We have reviewed the DMR-EX87, an HDD/DVD recorder with a mighty 250GB capacity. Clearly, not everyone needs such a large hard disk, and its for these users that Panasonic has come up with this 160GB version, which costs a good £150 less.
The EX77 shares the same plain black styling and impeccable build quality of the EX87. But unlike its sibling, is also available in silver if you fancy going a bit retro.
The deck boasts an almost flawless feature list, with few significant omissions. Perhaps the most attention-grabbing feature on the spec sheet is 1080p, 1080i and 720p upscaling, which maximises the quality of DVD and recorded images on HD Ready and full HD TVs. It won't give you proper high-definition picture quality, but should offer some improvement over plain old 576p images.
Significant, too, is the inclusion of a Freeview tuner, backed up by a superbly designed seven-day EPG. It makes setting timer recordings effortless, but sadly there's no Series Recording feature as found on Sony's latest range of HDD combis. There's also no back-up analogue tuner, so make sure your Freeview reception is up to scratch.
The hard disk offers up to 284hr of recording time, and the deck will write to any DVD disc you care to slip into the tray, even dual-layer DVD-R and +Rs (but only when copying from the hard disk). As for playback, it spins most types of disc except DVD-Audio.
The connection roster is equally comprehensive and includes the all-important HDMI socket, component video output, two Scarts (offering RGB input and output) and an optical digital audio output. There's no CI slot for pay TV, but it's no great loss.
The front sports iLink input for transferring DV camcorder footage, an SD card slot plus S-video and composite video inputs. This may be more generous than your average digital recorder, but it's trumped by the similarly priced Sony RDR-HXD870, which, offers USB and PictBridge.
For recordings, you can select one of four quality presets (XP, SP, LP and EP) that enable you to trade off picture quality for recording time. There's also a Flexible Recording mode, which fits a programme onto the remaining disc space in the best possible quality.
As is the norm for Panasonic recorders, there's a wide range of editing features. You can add chapter points, accurately delete specific parts of a recording and perform other basic functions, but for advanced editing requirements you can use the Playlist function. This allows you to arrange chapters into new sequences and play them back without gaps.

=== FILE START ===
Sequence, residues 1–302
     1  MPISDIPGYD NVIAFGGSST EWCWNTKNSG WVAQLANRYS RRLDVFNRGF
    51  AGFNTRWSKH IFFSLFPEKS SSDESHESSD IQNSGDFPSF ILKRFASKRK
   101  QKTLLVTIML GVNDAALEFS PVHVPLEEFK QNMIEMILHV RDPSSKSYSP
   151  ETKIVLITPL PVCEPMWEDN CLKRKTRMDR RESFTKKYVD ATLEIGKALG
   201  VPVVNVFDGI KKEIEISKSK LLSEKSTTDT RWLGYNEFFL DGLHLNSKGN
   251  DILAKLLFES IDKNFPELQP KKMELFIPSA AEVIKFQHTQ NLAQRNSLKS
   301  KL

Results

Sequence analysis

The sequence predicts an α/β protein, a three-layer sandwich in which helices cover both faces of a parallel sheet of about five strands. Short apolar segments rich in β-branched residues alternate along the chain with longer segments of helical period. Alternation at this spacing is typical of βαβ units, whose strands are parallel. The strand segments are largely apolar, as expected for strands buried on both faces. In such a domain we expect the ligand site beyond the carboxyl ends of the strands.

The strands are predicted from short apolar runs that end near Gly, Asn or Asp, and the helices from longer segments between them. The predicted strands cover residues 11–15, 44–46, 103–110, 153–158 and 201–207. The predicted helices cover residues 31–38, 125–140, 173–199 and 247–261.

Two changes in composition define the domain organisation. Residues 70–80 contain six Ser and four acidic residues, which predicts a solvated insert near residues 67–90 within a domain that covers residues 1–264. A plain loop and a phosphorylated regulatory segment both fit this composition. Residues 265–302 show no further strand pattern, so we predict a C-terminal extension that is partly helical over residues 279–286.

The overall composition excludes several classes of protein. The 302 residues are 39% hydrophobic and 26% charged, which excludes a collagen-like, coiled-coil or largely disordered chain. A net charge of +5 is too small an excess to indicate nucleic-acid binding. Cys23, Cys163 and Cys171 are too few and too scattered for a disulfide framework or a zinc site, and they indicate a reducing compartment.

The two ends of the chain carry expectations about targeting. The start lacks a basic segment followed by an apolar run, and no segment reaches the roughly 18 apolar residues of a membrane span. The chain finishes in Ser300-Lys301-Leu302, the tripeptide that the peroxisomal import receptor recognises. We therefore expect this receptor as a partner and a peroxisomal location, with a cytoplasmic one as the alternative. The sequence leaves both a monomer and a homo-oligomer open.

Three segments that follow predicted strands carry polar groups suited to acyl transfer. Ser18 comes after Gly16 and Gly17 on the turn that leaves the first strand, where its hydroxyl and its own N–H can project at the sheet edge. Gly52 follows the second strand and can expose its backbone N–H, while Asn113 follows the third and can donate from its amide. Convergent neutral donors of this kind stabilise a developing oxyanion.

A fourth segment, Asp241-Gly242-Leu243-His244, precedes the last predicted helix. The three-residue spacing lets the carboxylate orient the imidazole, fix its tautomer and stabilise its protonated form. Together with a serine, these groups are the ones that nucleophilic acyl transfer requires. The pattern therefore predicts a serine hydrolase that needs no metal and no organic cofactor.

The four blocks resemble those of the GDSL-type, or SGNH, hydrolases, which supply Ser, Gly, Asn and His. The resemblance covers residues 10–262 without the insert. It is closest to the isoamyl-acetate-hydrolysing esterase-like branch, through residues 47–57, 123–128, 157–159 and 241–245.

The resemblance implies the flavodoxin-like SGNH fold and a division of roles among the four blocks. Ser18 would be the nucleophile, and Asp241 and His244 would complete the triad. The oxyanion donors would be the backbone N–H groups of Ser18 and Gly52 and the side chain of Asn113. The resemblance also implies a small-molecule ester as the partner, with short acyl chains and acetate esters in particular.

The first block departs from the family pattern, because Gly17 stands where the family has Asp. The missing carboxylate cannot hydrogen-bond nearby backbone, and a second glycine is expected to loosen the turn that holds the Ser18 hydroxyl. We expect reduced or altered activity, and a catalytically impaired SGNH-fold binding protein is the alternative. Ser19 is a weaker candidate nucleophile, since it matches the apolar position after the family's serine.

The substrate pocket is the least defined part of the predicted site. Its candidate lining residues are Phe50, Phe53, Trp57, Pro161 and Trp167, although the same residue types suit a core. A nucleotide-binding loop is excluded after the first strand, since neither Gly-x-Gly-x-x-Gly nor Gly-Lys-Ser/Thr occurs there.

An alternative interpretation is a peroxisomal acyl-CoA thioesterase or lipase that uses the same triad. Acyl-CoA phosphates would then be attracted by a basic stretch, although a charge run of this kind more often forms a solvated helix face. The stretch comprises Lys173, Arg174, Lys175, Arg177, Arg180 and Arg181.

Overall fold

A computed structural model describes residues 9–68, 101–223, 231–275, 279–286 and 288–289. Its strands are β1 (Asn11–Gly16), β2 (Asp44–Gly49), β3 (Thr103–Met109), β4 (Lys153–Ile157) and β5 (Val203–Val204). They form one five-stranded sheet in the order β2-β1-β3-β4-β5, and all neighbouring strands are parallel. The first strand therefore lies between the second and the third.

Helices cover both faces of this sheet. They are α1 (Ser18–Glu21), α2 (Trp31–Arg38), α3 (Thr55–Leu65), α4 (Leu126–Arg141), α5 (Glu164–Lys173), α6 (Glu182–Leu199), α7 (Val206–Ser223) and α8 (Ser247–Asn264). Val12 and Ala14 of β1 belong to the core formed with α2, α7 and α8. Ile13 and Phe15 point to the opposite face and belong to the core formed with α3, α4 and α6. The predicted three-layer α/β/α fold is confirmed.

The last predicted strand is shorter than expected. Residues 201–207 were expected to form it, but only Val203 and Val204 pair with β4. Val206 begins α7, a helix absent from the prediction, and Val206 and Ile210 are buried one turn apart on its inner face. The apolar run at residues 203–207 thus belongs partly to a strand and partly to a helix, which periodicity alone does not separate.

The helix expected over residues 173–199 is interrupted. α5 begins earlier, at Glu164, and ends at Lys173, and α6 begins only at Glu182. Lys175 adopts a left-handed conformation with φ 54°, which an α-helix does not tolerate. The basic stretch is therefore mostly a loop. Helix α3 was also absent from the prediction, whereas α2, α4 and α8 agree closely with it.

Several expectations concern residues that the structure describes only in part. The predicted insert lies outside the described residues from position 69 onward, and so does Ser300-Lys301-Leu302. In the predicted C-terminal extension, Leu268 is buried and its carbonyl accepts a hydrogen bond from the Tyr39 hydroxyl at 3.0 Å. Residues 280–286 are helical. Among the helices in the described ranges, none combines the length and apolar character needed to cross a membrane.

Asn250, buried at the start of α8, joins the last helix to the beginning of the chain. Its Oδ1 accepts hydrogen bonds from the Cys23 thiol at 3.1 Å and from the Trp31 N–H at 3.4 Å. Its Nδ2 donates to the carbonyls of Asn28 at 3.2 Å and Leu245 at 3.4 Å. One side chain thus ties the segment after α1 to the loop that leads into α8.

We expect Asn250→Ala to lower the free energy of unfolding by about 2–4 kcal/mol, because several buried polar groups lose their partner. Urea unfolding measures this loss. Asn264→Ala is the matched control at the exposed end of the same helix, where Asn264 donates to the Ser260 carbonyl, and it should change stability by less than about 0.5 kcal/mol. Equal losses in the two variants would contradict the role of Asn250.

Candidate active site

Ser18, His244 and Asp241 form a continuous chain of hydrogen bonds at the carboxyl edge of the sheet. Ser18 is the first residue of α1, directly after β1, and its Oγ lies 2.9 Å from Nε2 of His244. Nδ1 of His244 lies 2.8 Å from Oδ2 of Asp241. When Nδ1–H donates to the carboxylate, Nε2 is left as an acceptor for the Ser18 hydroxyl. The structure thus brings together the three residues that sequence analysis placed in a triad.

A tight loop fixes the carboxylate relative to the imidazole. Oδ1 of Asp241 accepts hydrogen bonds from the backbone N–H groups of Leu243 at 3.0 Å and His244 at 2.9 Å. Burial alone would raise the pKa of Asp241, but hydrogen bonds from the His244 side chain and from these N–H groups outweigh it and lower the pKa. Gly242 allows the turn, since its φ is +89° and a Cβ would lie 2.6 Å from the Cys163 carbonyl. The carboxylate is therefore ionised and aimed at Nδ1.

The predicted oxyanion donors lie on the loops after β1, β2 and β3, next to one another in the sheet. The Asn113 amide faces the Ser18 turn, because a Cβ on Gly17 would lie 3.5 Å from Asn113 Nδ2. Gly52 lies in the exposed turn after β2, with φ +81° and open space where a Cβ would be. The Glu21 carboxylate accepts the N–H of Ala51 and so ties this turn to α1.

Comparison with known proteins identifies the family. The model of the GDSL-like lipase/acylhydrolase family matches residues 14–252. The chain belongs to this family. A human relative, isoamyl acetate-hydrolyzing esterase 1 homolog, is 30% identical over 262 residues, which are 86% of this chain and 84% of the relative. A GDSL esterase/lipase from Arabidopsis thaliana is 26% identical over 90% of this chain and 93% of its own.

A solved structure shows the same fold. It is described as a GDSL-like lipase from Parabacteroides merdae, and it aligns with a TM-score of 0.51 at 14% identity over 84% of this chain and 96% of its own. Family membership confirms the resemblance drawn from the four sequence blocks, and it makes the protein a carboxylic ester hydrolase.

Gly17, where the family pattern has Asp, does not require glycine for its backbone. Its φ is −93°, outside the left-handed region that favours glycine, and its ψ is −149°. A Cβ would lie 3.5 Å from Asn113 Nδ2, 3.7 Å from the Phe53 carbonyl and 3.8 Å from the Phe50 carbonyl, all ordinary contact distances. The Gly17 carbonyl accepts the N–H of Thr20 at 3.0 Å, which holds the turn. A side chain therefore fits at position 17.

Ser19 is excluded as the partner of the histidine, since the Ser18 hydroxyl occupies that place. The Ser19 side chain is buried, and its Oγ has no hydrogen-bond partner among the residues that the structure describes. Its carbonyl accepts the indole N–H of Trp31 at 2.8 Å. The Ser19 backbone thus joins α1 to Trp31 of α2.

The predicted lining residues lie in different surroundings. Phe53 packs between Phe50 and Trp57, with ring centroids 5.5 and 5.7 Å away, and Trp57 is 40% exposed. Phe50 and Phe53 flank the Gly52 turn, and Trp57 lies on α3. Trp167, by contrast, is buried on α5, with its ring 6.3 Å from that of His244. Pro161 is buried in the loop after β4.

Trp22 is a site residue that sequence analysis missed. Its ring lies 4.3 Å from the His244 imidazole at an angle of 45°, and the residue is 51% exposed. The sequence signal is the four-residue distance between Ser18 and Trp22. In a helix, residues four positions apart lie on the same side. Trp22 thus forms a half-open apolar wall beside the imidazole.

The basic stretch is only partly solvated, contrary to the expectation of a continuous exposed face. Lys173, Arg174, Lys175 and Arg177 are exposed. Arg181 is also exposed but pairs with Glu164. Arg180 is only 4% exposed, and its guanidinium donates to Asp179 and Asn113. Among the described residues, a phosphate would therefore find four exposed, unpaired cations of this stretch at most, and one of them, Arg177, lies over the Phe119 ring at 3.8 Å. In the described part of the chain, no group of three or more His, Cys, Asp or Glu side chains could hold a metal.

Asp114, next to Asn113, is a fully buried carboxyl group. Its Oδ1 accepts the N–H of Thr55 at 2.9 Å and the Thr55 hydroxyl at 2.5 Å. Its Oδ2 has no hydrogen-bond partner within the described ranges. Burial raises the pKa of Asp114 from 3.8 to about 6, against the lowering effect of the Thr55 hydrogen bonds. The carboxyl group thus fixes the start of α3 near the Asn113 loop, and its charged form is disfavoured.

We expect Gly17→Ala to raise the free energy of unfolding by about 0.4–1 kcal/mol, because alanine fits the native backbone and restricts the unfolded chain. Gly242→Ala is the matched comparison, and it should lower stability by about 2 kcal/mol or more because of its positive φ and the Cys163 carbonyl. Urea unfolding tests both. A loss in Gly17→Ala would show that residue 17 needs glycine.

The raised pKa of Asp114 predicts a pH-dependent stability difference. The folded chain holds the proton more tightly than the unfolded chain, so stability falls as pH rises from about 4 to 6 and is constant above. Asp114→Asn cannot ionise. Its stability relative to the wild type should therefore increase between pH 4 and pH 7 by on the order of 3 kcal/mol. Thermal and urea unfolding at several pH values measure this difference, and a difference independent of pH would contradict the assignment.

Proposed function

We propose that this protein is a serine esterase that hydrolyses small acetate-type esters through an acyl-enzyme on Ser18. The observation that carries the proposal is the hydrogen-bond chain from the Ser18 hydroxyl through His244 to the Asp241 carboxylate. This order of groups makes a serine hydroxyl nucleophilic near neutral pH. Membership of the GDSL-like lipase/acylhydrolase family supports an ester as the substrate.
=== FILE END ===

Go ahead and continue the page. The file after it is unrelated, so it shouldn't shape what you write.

You can then transfer the end result onto DVD with your edits intact. This process is ultra simple and quick thanks to the step-by-step guide and high-speed copy mode, which lets you dub a one-hour EP HDD recording to 12x DVD-R in just 48 seconds.
Rounding up the prodigious feature list is Viera Link, Panasonic's HDMI handshaking feature that makes it possible to control several components with a single remote.
Ease of use
The user manual is fatter and more complex than a quantum physics text book, but once you've learned the basics you can pick it up quickly thanks to the clear, logical layout of the user interface.
Particularly impressive is the central setup menu and Direct Navigator screen, where your recordings are stored and labelled by moving thumbnails.
The DVB function is slick and well presented, from the Sky-style EPG through to the ultra-quick digital text facility.
Finally, the buttons on the remote are arranged with pleasing care and thoughtfulness, which makes it easy to access the deck's many functions.
The DMR-EX77's recorded picture quality is nigh-on flawless. Recordings from the built-in tuner in XP look identical to the source broadcast and boast a level of vibrancy and sharpness that'll make you forget VHS ever existed.
It's best demonstrated by crisp, studio-based fare such as BBC News 24 or ITV's late morning chat shows. The deck's expert MPEG2 encoding captures the vivid reds and pastel shades of the studios, and image clarity is aided by a lack of edge bleed or block noise.
SP's ability to squeeze two hours onto a DVD will make it a popular recording mode and the results aren't far off XP quality. Only a smidgeon of extra noise around the edges of some objects reveal that you're in a lower-quality setting.
Both modes can handle fast-moving sports action on Sky Sports News without lapsing into bouts of pixel shimmer and block noise.
Even in LP mode the deck still provides very enjoyable picture quality thanks to its use of 500 picture lines.
Of course, the HDMI output helps recordings look their best particularly when upscaled to 1080p. But the deck's upscaling comes into its own when it's fed a pre-recorded DVD such as King Kong. Skull Island's vistas are stunningly detailed and colourful.
Audio quality depends largely on your sound system, particularly when it comes to 5.1-channel movie soundtracks. But with CDs played through the analogue stereo outputs, it turns in a more musical performance than you'd expect. Difficult, delicate sounds such as Miles Davis's muted trumpet on his Kind of Blue album, sound crisp and pure, but it's equally at home reproducing the fiery guitars of Coldplay's X&Y.
Recording quality is staggeringly good and the wealth of editing features makes it highly flexible.
When shopping, bear in mind though, that Sony's RDR-HXD870 costs the same, but also includes USB and Series Recording.